US crude rises 2.2%, settling at $52.61, after OPEC and allies reach deal to cut output

CNBC

  • Oil prices jump after OPEC and its allies reach an agreement to slash production for the first six months of 2019.
  • OPEC producers agreed to cut output by 800,000 barrels per day, while allied nations including Russia will reduce production by 400,000 bpd.
  • The combined cut of 1.2 million bpd is in line with expectations and will take effect in January.

Here's the kind of deal OPEC could make

Here’s the kind of deal OPEC could make  

Oil prices surged higher on Friday after OPEC, Russia and several other producers reached an agreement to cut output next year in order to boost the market.

The new agreement comes at a time when the oil market is near the bottom of its worst price plunge since the 2008 financial crisis. Oil prices have dropped more than 30 percent from their highs in early October, hammered by concerns about oversupply, weakness in global markets and technical trading that exacerbated the slide.

OPEC and its allies agreed to throttle back output by 1.2 million bpd during the first six months of 2019.

The production cut is roughly in line with expectations heading into the meeting. Commodity watchers were expected the alliance to remove 1 million to 1.4 million bpd from the market.

Brent crude, the international benchmark for oil prices, rose $1.61, or 2.7 percent, to $61.67 a barrel. Brent earlier rose more than 5 percent to $63.73.

U.S. West Texas Intermediate crude futures ended Friday’s session up $1.12, or 2.2 percent, at $52.61 per barrel, off a session high of $54.22.

Energy research firm Wood Mackenzie forecasts the production cut will tighten markets by the third quarter of 2019 and cause Brent to rise back above $70 a barrel.

“It would help producers contend with the strength of US supply growth in 2019 when we expect a year-on-year increase of 2.4 million b/d in non-OPEC production as US supply continues to gain sharply,” said Ann-Louise Hittle, vice president of macro oils at Wood Mackenzie.

The United States is pumping at all time highs near 11.7 million bpd, according to preliminary government figures. Last week, the country exported more oil and refined fuels than it imported for the first time in decades.

Meanwhile, Russian production hit a post-Soviet era high at 11.4 million bpd this fall, and Saudi oil production rose to a record 11.1 million bpd in November.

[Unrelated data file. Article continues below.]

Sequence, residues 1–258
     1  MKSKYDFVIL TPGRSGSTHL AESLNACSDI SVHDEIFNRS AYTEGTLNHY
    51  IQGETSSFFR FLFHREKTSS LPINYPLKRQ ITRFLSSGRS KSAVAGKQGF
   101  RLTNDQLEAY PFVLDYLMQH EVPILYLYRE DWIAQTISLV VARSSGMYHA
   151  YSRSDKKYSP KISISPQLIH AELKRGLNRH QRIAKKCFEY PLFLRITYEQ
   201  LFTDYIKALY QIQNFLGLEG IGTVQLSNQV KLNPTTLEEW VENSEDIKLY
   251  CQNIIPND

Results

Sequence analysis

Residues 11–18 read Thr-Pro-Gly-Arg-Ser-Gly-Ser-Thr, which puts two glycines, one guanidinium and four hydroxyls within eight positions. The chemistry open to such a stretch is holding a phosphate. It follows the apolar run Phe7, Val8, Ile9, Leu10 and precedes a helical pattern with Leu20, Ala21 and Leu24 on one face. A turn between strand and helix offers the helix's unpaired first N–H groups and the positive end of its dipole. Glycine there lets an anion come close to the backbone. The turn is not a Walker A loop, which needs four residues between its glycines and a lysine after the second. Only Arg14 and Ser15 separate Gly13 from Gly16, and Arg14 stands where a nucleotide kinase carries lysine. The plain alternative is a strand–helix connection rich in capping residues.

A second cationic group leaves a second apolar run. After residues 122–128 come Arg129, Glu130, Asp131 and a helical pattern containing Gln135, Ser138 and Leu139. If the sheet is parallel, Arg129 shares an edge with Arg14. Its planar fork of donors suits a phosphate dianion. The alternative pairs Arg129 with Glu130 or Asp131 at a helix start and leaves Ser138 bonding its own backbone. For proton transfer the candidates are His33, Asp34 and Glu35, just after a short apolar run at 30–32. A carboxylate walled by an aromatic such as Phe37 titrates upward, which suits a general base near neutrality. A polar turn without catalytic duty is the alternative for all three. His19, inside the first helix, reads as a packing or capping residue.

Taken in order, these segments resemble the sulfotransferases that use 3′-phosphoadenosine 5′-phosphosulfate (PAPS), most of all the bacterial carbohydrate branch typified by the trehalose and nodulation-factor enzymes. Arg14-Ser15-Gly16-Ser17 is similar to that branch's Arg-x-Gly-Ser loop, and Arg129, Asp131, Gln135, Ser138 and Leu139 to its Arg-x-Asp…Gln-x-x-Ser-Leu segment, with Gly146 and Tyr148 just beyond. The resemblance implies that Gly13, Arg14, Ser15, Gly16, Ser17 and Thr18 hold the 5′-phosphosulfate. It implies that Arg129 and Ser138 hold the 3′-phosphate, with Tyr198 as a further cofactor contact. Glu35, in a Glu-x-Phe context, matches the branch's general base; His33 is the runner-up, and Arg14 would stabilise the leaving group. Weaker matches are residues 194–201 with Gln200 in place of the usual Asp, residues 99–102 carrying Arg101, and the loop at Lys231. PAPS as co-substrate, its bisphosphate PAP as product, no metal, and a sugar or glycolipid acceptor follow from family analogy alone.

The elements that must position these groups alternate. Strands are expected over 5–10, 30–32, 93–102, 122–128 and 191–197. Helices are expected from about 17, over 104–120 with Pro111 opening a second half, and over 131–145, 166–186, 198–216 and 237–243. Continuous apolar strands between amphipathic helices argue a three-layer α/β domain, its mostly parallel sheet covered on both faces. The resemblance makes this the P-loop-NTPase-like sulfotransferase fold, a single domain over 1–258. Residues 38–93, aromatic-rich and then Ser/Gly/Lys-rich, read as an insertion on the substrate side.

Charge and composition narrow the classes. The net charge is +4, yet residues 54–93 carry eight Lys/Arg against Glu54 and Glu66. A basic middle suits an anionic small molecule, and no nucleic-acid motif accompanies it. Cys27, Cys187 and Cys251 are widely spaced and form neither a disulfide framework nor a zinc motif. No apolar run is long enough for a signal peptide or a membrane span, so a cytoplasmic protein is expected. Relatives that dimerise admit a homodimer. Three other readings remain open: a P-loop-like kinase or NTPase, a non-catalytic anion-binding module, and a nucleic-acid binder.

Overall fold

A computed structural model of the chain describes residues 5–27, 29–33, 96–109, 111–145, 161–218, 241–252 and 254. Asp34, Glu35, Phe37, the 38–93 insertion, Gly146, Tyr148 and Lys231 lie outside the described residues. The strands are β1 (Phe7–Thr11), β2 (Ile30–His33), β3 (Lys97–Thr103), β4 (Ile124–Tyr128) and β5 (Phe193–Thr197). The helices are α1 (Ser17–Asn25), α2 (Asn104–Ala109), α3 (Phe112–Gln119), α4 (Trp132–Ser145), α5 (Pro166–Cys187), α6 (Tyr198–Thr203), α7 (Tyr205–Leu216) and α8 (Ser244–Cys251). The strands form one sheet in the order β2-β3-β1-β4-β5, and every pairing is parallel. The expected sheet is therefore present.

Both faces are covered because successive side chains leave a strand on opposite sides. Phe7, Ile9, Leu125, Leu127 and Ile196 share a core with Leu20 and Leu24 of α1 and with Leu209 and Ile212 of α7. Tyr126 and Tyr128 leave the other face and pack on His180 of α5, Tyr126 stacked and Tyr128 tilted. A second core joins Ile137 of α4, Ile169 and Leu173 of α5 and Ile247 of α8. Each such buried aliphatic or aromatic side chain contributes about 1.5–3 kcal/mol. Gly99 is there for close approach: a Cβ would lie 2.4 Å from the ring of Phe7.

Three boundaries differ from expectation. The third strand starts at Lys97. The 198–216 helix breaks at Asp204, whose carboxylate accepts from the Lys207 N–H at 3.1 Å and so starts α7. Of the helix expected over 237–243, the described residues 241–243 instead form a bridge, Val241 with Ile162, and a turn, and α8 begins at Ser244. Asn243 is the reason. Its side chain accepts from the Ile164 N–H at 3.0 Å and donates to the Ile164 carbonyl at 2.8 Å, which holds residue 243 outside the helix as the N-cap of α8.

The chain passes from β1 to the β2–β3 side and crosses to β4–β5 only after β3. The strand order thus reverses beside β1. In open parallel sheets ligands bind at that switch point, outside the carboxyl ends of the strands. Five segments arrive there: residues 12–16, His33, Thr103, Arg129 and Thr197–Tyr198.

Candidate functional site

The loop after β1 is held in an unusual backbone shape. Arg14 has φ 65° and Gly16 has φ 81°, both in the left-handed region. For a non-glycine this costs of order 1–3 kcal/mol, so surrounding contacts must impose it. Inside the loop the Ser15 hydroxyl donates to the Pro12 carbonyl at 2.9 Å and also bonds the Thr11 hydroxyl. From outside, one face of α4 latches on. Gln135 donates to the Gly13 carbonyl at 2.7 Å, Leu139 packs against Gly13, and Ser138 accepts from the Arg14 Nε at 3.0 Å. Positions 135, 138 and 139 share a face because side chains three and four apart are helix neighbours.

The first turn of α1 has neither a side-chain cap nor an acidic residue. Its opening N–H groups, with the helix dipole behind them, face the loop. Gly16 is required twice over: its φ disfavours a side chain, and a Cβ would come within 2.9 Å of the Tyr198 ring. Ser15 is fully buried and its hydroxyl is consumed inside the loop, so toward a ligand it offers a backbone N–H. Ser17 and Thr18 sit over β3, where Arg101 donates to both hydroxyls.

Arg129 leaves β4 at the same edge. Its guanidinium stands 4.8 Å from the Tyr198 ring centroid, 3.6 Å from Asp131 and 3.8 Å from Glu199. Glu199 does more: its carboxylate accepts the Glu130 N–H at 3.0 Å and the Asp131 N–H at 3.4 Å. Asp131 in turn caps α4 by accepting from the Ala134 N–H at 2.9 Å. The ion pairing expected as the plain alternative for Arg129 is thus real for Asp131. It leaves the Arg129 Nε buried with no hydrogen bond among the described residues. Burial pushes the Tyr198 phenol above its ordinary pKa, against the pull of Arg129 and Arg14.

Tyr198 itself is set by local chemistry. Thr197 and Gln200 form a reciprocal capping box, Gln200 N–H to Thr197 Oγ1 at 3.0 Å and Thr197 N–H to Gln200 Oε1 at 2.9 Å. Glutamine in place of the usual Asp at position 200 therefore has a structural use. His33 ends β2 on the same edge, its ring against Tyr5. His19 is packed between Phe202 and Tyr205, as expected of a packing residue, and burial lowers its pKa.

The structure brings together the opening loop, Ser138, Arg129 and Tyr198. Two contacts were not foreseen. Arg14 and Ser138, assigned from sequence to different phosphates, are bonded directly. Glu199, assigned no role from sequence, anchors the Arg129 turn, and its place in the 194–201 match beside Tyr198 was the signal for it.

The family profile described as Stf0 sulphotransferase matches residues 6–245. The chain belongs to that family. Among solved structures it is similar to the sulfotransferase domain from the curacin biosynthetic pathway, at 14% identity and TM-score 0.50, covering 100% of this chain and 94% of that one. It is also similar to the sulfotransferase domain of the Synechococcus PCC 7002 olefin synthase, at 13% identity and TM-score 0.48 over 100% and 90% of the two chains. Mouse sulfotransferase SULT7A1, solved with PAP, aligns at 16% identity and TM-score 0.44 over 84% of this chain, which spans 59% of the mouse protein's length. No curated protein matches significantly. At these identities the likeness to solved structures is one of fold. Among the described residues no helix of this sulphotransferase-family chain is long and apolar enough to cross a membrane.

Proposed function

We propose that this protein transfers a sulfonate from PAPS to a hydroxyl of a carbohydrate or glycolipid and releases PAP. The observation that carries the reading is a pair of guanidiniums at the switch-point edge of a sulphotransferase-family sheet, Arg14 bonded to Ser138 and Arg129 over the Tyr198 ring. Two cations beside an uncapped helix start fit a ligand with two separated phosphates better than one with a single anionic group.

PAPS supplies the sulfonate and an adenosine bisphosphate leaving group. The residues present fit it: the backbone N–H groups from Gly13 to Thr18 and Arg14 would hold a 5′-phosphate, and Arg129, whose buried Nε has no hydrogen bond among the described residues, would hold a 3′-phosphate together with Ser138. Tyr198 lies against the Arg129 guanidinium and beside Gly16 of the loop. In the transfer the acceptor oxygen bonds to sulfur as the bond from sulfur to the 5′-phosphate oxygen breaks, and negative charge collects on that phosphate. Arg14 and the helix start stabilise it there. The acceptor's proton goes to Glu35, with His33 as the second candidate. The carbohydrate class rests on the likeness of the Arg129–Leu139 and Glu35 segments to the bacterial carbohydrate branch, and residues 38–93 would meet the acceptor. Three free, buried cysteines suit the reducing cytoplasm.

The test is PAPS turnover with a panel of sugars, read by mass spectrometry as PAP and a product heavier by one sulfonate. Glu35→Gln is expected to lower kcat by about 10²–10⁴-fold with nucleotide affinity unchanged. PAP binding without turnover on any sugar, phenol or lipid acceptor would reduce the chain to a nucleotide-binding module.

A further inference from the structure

The supply surge from the world’s top three oil producers is as forecasters warn oil demand growth will be softer than anticipated next year.

OPEC members agreed on Friday to cut production by 800,000 bpd, while non-OPEC producers aim to shave 400,000 bpd off the market.

Iranian oil minister confirms 1.2 million barrel oil cut

Iranian oil minister confirms 1.2 million barrel oil cut  

Top exporter Saudis Arabia will deliver the lion’s share of the OPEC cuts. Saudi Energy Minister Khalid al Falih on Friday said he expects the kingdom’s output to fall to 10.7 million bpd in December and 10.2 million bpd in January.

Russia’s pledge pencils out to a 228,000-230,000 bpd cut, Russian Energy Minister Alexander Novak said. However, Novak warned that Russia would reduce supply gradually due to climate conditions that affect its oil fields in the winter.

OPEC began capping supply in partnership with Russia and several other nations in January 2017 in order to end a punishing downturn in oil prices.

The alliance reversed course and agreed to hike output in June after it removed more barrels from the market than it intended, largely due to the ongoing free fall in Venezuelan output and supply disruptions in Libya.

The Trump administration lobbied for the midyear production increase as it prepared to restore sanctions on Iran, a policy that has pushed up oil prices throughout much of 2018. Trump has sought to blame OPEC for rising oil prices, ordering the cartel to take action to cut the cost of crude several times this year.

On Wednesday, Trump tweeted that he hoped OPEC would not restrict supply and instead keep oil flowing “as is.”

Oil drops as OPEC makes supply cut dependent on Russian support

CNBC

  • International Brent crude oil futures fell below $60 per barrel early in the session, trading at $59.50 per barrel at 0144 GMT.
  • The OPEC meeting in Vienna ended without an announcement of a decision to cut crude supply.
  • Oil producers have been hit by a 30-percent plunge in crude prices since October as supply surges just as the demand outlook weakens amid a global economic slowdown.

Oil prices fell on Friday, pulled down by OPEC’s decision to delay a final decision on output cuts, awaiting support from non-OPEC heavyweight Russia.

International Brent crude oil futures fell below $60 per barrel early in the session, trading at $59.50 per barrel at 0144 GMT, down 56 cents, or 0.9 percent from their last close.

U.S. West Texas Intermediate (WTI) crude futures were at $51.24 per barrel, down 25 cents, or 0.5 percent.

The declines came after crude slumped by almost 3 percent the previous day, with the Organisation of the Petroleum Exporting Countries (OPEC) ending a meeting at its headquarters in Vienna, Austria, on Thursday without announcing a decision to cut crude supply, instead preparing to debate the matter on Friday.

“OPEC has decided to meet Friday again…(as) Russia remains the sticking point,” said Stephen Innes, head of trading for Asia/Pacific at futures brokerage Oanda in Singapore.